Figure 5. Percentage of low-income households under financial stress from mortgage or rent, Queensland, Gold Coast including SA3 regions, 2016 Source: Public Health Information Development Unit (PHIDU) Unemployment A study analysed participants behavioural risk factors and identified unemployed individuals had poorer per- ceived mental health profiles, were more likely to delay health care services due to cost and were less likely to have access to health care than employed participants 21. As of September 2019, a total of 21,130 people on the Gold Coast were unemployed (5.8%), slightly below the Queensland rate (6.2%). Within the region, Gold Coast-North had the highest unemployment rate of 8.3% while Mudgeeraba-Tallebudgera had the lowest unemployment rate (4.2%). Table 7. Unemployment by SA3, Queensland, Gold Coast including SA3 regions, September quarter 2019 Source: Australian Government Department of Education, Skills and Employment, Small Area Labour Markets Australia, various editions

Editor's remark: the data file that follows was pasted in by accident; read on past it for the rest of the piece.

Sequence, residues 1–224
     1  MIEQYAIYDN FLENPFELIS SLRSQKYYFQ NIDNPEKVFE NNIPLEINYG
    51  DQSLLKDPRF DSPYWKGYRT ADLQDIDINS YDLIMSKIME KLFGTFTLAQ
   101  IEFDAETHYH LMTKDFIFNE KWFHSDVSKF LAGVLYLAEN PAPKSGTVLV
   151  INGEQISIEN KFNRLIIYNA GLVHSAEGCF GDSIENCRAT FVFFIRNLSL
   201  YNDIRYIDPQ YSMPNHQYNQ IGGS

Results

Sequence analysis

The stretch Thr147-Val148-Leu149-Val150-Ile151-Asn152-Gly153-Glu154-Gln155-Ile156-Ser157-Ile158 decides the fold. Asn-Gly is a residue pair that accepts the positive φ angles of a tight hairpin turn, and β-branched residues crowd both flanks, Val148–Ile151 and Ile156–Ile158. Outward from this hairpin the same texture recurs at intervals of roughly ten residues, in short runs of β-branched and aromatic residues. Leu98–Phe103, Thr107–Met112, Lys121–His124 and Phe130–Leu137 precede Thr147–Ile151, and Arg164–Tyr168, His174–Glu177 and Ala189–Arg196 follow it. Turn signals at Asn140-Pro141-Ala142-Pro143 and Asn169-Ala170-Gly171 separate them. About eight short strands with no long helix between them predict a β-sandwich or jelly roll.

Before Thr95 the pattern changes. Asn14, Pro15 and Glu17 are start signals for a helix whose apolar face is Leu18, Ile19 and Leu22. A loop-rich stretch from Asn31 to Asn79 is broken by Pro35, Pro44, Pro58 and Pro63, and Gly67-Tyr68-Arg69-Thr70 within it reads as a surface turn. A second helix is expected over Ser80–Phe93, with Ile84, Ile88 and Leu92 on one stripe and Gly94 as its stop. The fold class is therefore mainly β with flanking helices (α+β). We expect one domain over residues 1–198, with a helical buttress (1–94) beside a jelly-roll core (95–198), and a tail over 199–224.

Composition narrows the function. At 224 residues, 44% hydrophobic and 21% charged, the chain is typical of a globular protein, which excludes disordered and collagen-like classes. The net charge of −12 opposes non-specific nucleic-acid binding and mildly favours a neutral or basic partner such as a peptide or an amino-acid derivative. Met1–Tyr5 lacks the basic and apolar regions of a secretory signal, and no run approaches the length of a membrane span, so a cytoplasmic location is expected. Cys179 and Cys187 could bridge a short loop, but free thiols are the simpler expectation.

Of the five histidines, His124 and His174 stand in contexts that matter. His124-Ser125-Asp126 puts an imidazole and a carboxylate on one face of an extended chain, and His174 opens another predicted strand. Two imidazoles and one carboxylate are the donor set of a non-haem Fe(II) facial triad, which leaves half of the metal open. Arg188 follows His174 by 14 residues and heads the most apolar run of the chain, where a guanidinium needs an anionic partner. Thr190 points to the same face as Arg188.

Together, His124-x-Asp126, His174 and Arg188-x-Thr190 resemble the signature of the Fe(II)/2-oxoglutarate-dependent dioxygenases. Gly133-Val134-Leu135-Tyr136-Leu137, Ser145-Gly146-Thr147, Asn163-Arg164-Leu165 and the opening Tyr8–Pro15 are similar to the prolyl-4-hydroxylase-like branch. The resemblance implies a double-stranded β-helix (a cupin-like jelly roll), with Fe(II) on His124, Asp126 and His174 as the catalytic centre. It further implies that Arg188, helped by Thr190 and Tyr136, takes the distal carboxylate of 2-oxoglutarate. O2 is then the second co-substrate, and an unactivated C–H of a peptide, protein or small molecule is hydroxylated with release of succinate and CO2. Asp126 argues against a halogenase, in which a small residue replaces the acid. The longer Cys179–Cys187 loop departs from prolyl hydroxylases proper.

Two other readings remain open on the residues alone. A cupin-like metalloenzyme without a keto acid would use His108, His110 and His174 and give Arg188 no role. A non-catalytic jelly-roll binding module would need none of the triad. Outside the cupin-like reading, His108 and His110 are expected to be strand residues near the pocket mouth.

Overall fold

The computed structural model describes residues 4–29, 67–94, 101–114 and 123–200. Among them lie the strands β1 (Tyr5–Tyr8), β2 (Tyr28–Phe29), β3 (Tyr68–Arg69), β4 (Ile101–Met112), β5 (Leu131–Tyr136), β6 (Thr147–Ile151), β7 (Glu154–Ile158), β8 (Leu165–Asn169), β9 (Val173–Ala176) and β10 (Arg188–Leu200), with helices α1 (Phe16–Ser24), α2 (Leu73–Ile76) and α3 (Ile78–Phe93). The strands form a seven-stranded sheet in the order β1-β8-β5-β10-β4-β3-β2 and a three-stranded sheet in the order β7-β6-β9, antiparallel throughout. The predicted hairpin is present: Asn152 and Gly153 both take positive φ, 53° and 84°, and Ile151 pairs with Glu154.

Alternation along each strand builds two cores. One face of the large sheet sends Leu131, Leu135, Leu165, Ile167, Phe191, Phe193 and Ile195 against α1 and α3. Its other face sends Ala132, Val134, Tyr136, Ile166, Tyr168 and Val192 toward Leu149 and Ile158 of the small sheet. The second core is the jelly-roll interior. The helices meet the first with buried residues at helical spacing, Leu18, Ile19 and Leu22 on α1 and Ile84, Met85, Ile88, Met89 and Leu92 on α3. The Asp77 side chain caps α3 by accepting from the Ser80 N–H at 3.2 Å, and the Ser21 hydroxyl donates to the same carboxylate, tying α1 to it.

Families with children with no parent employed Children living in families lacking secure parental employment are vulnerable. Without at least one parent employed full time, children are more likely to fall into poverty and effect the wellbeing of the child22 . It has been identified children from families with no parent employed were at greater risk of socioemotional problem behaviour compared with those where a parent was continuously employed. The study further explained family and mother’s employment were associated with a lower risk of problem behaviour for children in middle childhood, in part explained by sociodemographic characteristics of families and the apparent psychological and socioeconomic benefits of employment 23 Analysing local data identified that the Gold Coast PHN region rate of total families with no parent employed was slightly below the Queensland rate in 2016. As can be seen below, three Gold Coast SA3 regions were above the Queensland rate of total families with no parent employed. Table 8. Families with children with no parent employed, Queensland, Gold Coast including SA3 regions, 2016 Source: ABS, Census of Population and Housing, 2016, unpublished data (families) Southport and Gold Coast-North which had the two highest rate of families with no parent employed were also the two SA3 regions on the Gold Coast with the lowest socio-economic indexes for areas on the Gold Coast. In 2011 the same report identified that Southport and Gold Coast-North were also regions on the Gold Coast with the lowest socio-economic indexes for areas on the Gold Coast suggesting that cross generational impacts are cumulative. Southport, Gold Coast-North and Surfers Paradise SA3 regions were all above the Queensland rate in 2016 for families with children with no parent employed. Analysing these three SA3 regions at a granular level, there is a large variance between the SA2 regions that have families with no parent employed. 22 Frasquilho, D., de Matos, M.G., Marques, A. et al. Unemployment, Parental Distress and Youth Emotional Well-Being: The Moderation Roles of Parent–Youth Relationship and Financial Deprivation. Child Psychiatry Hum Dev 47, 751–758 (2016). https://doi.org/10.1007/s10578-015-0610-7 23 Hope, S., Pearce, A., Whitehead, M., & Law, C. (2014, October). Family employment and child socioemotional behaviour: longitudinal findings from the UK Millennium Cohort Study.